26 Mar 2019: Staying Fresh in Ministry: Reflections on Hupomoné
M. John Nissley
Doctor of Ministry Director and Professor of Spiritual Formation & Pastoral Theology
Winebrenner Theological Seminary, Findlay, Ohio
Pastoral burnout, blowup, and dropout is an alarming issue in contemporary ministry. The longitudinal study that the researcher is reporting on has covered twenty years of a journey exploring the dynamics of this issue. Assessment of student readiness for ministry is discussed along with potential responses from seminaries involved in preparing the next generation of pastoral leaders. The application for Doctor of Ministry programs is addressed in the conclusion.
Introduction to the Problem
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The problem this longitudinal research project (1996-current ongoing research) initially focused on was the need for improvement in the spiritual nurture and support of senior pastors within their congregational settings. Senior pastors tend to climb alone in the journey of kingdom ministry.
The initial event in 1996 for this research project was the researcher’s DMin research project along with the loss of several ministry peers who had effective ministries. The researcher continued, since his graduation, to explore spiritual formation issues with pastors and seminary students. The scope of research on pastoral leadership was about to be expanded beyond the classic spiritual disciplines of spiritual formation as assessment of seminary students and graduates raised the issue of readiness for ministry.
Twenty years later in 2016, the researcher was charged by his seminary, where he serves as a faculty member, with the daunting task of developing an alternative assessment instrument of “ministry readiness” instead of the Profiles of Ministry Survey (PoM), which is published and coordinated by the Association of Theological Schools in the United States and Canada (ATS) for utilization with seminary students.1 The goal was to design and develop an assessment instrument that would measure the same general issues of ministry readiness as the PoM but to be more user friendly as an electronic file that could be sent to students, less expensive and time consuming to complete, easy to score, understand, and utilize the results that students, administrative staff, and faculty could readily access.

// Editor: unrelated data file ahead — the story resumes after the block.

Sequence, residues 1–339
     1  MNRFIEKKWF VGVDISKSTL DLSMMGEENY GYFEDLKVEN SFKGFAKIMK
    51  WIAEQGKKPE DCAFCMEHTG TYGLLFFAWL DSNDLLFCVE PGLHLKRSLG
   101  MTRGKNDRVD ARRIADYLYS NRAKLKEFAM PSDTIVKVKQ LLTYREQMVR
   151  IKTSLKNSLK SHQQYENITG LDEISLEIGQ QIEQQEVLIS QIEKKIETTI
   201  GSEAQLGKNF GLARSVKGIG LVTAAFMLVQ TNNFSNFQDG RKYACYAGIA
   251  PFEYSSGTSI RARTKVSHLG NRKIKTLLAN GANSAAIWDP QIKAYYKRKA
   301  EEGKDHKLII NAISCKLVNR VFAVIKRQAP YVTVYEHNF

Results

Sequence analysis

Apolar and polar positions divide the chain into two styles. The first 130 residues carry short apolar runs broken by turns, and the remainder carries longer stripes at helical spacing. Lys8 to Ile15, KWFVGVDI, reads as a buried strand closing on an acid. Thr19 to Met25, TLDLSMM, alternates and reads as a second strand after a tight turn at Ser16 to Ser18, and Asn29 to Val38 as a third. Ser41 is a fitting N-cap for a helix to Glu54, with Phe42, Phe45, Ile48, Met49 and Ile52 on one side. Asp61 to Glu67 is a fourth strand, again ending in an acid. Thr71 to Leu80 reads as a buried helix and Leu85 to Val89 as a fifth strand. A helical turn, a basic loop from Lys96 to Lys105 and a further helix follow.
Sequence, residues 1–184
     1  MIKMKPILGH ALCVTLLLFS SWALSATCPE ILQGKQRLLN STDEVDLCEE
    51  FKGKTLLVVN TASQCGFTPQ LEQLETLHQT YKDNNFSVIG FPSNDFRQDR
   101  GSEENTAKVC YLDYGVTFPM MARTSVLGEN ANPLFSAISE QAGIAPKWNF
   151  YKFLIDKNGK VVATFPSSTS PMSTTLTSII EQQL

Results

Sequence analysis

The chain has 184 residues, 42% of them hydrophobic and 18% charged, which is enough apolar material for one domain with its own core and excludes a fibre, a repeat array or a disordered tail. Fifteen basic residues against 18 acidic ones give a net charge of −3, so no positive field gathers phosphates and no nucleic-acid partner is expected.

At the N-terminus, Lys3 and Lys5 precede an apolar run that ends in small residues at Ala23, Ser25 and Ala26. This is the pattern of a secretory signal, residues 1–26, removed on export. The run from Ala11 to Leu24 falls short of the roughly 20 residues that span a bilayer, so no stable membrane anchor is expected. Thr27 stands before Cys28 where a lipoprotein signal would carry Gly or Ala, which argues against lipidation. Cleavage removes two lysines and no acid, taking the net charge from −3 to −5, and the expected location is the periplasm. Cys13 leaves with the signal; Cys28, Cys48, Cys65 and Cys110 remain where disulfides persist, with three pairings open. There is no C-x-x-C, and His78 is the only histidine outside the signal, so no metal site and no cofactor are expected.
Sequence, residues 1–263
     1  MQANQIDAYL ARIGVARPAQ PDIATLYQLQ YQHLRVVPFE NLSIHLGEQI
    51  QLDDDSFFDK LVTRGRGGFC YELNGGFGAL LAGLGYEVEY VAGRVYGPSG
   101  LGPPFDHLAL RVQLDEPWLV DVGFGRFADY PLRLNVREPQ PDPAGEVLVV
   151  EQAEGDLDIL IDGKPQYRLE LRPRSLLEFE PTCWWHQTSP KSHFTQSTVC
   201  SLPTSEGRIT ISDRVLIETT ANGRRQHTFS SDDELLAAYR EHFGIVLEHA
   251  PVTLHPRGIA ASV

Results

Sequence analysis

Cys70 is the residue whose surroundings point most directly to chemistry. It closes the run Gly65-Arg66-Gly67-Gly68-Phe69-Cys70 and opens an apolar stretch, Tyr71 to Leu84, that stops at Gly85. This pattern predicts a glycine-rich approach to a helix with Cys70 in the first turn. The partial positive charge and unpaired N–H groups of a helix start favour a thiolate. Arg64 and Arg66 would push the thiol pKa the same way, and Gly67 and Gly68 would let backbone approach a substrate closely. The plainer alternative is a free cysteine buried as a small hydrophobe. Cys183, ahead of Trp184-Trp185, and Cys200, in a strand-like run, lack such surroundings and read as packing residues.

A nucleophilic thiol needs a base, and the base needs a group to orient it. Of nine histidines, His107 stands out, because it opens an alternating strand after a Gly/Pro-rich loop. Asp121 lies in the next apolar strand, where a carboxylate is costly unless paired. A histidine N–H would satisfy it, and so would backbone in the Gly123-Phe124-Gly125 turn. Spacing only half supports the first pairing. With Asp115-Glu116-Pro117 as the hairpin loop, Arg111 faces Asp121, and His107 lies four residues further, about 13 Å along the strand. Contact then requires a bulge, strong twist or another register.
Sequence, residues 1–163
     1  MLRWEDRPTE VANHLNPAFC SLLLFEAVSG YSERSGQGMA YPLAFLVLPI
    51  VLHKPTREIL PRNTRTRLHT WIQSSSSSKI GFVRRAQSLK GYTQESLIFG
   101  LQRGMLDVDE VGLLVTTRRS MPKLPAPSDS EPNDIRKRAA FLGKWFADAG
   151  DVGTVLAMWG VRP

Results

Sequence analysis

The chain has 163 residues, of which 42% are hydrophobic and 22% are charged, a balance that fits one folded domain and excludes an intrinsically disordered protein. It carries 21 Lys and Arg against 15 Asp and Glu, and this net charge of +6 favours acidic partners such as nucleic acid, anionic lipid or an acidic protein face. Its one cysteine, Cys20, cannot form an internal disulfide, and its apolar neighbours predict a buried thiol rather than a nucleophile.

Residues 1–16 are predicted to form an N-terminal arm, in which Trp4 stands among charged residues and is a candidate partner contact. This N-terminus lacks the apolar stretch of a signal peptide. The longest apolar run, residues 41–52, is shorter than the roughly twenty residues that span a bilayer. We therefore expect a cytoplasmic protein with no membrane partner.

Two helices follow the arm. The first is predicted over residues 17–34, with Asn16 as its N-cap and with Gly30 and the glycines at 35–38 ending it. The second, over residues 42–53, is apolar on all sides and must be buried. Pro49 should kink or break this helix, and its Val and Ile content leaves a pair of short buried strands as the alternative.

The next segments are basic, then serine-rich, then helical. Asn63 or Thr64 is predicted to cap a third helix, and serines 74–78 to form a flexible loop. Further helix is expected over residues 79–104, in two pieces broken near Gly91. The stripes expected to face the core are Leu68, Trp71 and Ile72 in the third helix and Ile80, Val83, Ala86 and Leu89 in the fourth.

The original DMin research project provided a backdrop and procedure to undertake this assessment instrument design process. The researcher had been on a quest for over twenty years to discover the core systemic issues behind the symptoms of pastoral burnout and dropout from ministry and the potential responses by seminaries to address these core issues with students while they are in the preparation phase of their journey, a vital issue for the 21st century church. There is abundant research and studies on the reasons pastors burnout. Thom S. Rainer states seven primary reasons that pastors burnout: (1) 24/7 mentality, (2) conflict, (3) expectations, (4) unwillingness to let go, (5) no friends, (6) not suited for some tasks, and (7) no life outside of the church. These seven contributing factors to pastoral burnout, blowup, and dropout are comprehensive, accurate, and prevalent in our contemporary culture. Identifying these contributing factors is helpful in describing, analyzing, and prescribing change by addressing these precipitating factors in the life of a pastor.
The ‘backburner research interest in exploring the spiritual formation of pastors’ had moved to the front burner with a sense of urgency for the seminary and its students. The researcher had formed an open, trusting relationship with Dr. Francis A. Lonsway, who had designed, developed, and directed the PoM assessment instrument, process, and procedures for ATS from 1992-2005. This relationship was formed during intense PoM assessment training encounters that were offered by ATS and were led by Lonsway for many years.4
Lonsway had identified key positive factors in the assessment of readiness for ministry: the capacity to (1) work cooperatively and nondefensively with people (Fidelity to Tasks and Persons), (2) keep commitments even under pressure (Personal Responsibility), (3) adapt well to new situations (Flexibility of Spirit), (4) demonstrate interest in and compassion for a parishioner in stress or illness (Involvement in Caring), (5) listen attentively and compassionately in a counseling context (Perceptive Counseling), and (6) understand and incorporate the importance of spouse and family in his or her own life (Mutual Family Commitment).
Two primary vectors of research were emerging in the initial planning stages of the research process in developing an assessment instrument of student readiness for ministry: (1) spiritual formation of senior pastors being studied by the researcher, and (2) the PoM developed by Lonsway. However, the need for a third vector became apparent to provide convergence in designing and developing a new assessment instrument. The last ingredient in the “assessment recipe” that emerged out of research in student development to augment readiness for ministry was wellness.